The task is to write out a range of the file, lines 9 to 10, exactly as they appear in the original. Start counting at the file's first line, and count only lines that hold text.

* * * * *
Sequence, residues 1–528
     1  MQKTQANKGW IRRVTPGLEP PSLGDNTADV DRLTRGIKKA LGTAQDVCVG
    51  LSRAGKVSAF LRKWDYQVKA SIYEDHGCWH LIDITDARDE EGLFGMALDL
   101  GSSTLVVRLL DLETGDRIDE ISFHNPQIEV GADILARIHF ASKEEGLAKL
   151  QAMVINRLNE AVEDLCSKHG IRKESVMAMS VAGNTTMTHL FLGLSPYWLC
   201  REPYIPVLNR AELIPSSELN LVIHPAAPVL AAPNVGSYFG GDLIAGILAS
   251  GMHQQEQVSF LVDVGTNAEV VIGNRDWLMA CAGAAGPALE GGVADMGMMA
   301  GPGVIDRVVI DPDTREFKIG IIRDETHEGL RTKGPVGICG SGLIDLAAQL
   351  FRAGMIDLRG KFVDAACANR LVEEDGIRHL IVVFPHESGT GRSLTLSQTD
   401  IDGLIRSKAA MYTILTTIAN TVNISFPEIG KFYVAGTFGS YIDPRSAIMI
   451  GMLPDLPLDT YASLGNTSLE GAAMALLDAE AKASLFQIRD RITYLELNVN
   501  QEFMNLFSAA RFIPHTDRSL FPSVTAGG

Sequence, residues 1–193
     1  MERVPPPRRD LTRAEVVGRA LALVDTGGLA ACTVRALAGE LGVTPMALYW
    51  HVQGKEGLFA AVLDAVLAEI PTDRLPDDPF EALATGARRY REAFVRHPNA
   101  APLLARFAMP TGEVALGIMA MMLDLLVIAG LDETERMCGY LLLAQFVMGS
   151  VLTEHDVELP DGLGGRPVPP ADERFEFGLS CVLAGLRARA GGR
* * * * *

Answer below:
   351  FRAGMIDLRG KFVDAACANR LVEEDGIRHL IVVFPHESGT GRSLTLSQTD
   401  IDGLIRSKAA MYTILTTIAN TVNISFPEIG KFYVAGTFGS YIDPRSAIMI